Question: I’d like to do more to improve things around me, but I don’t feel there’s a lot I can do. Changing the world seems like such a huge task—how to know where to start?
Answer: The good news is, you don’t need to be someone powerful or famous to make a difference. Each positive change—no matter how small—is changing the world for the better. We can change the world by improving the lives of those around us, through deeds of kindness and consideration, and by showing faith in them. Here are some practical tips to help get you started changing your part of the world, one heart at a time.
Build up excellence. Try to think of at least one thing that you find outstanding in a person, and then make it your task to let them know. Don’t be shy; they won’t get tired of hearing it. What you’re doing is building confidence in that one area, and as they gain confidence, they will start to improve in other areas as well.
Share the responsibility. Give others responsibility in the areas in which they are strong. Make them feel trusted, needed, and appreciated.
Appreciate who they are. Appreciating others for what they do is important, and people like to be thanked and acknowledged for it, but being appreciated for a personal trait feels a lot nicer than only being appreciated for the outcome of that trait.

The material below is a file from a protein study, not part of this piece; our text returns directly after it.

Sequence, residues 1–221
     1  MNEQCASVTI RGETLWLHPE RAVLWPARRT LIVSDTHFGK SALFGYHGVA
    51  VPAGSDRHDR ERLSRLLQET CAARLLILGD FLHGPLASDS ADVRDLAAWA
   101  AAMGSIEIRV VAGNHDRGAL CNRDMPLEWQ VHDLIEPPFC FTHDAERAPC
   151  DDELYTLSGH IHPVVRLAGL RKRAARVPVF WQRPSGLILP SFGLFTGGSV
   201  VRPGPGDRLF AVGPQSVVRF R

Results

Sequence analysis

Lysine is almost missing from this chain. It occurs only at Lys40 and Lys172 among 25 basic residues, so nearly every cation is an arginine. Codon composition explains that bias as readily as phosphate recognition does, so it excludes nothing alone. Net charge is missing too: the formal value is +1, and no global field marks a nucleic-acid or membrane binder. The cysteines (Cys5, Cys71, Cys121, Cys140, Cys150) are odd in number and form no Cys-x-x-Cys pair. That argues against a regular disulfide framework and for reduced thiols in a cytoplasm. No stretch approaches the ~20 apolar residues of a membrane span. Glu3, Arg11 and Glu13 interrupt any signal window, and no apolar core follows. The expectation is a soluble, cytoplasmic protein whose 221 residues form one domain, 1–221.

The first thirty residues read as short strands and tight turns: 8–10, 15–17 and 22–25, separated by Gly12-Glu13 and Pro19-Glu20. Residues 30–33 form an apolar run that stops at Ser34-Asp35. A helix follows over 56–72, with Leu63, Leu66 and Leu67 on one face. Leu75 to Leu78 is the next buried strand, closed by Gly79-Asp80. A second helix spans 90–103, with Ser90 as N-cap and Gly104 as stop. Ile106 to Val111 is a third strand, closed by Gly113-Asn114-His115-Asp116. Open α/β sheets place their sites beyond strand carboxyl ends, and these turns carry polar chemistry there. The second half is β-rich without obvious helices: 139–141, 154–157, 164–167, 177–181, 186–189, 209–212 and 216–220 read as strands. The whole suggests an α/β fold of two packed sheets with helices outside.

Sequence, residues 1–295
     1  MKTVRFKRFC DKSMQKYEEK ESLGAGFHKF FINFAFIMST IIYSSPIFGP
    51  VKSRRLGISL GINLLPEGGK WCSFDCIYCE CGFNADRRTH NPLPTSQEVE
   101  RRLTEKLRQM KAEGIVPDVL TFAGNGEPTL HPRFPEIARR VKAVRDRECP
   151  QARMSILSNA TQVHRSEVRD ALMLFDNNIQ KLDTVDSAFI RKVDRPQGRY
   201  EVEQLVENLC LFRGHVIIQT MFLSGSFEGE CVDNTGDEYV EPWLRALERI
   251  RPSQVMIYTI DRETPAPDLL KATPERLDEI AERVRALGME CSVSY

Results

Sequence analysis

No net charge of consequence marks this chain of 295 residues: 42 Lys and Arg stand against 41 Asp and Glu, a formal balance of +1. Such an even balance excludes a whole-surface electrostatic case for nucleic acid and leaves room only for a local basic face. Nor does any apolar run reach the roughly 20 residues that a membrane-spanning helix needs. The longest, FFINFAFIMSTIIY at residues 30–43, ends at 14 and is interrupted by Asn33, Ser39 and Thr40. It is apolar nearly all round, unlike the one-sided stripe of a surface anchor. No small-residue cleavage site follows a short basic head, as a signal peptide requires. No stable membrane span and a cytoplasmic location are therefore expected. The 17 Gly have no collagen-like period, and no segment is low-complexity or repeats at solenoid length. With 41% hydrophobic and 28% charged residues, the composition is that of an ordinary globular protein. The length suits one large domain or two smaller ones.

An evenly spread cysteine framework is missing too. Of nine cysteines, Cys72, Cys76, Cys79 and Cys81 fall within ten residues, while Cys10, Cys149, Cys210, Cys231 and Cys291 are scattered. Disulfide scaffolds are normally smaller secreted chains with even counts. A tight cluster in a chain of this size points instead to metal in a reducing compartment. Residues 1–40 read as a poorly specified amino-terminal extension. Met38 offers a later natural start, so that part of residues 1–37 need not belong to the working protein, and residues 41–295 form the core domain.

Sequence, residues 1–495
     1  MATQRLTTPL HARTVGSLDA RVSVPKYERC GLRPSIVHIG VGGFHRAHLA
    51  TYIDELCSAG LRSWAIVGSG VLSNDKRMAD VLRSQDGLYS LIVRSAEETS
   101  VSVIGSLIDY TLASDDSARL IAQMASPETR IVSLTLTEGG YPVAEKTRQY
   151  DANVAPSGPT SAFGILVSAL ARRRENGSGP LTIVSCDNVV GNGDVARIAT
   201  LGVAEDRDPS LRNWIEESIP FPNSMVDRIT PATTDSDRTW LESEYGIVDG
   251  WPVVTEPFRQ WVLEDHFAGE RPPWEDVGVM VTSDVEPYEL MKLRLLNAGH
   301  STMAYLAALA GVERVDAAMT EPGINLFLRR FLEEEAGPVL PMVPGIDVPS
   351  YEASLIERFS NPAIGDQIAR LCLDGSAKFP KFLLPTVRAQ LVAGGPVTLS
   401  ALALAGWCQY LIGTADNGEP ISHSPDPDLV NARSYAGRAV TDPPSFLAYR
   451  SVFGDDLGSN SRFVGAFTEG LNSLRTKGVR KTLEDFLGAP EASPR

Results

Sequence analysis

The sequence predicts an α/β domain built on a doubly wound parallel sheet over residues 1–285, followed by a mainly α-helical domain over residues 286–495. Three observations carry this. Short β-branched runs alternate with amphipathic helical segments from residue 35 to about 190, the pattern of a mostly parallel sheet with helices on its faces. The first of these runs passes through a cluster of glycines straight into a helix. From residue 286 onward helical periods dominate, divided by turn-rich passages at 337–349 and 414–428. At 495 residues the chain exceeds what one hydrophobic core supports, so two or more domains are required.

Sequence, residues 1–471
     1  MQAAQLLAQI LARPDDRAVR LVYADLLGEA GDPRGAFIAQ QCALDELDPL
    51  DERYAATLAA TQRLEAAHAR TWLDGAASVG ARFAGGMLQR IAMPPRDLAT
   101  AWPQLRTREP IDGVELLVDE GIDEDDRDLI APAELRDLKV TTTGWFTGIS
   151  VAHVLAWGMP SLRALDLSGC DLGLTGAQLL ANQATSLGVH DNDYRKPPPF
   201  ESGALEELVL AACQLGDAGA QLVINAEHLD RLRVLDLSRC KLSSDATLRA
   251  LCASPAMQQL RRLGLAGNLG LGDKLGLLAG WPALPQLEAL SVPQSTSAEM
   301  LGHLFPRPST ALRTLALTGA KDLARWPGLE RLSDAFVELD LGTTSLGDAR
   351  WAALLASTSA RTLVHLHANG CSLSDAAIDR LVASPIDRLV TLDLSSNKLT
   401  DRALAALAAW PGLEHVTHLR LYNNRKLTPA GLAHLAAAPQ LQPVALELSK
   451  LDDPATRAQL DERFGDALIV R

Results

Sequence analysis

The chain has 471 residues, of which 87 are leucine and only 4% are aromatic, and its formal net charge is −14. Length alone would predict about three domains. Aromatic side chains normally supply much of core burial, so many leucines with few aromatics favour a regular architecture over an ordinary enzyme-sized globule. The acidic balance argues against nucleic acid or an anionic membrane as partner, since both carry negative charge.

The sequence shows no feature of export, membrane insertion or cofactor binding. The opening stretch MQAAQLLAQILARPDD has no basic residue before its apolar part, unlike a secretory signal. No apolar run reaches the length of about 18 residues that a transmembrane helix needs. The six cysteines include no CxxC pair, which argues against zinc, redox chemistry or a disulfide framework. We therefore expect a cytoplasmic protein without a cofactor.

Keep appreciation simple and doable. Don’t feel that you need to have wonderfully warm feelings about a person, or be their best friend and really know them deeply before you can make a difference in someone’s life. You can be a near stranger and still have a marvelous effect on someone.
Slow down. It takes time to see people in a new light. Go slower in your interactions with people and give God a chance to reveal His perspective.
Pause to meditate. Think of the positive ways that someone has helped you. You will have a change in how you view others, because you will have taken the time to go deeper, past the surface assumptions that are so easy to make.
Let go of the past. Everyone dislikes being labeled or put in a box. Be willing to see who the person is today or the potential of what they can be tomorrow, and don’t let your view be marred by your past experiences.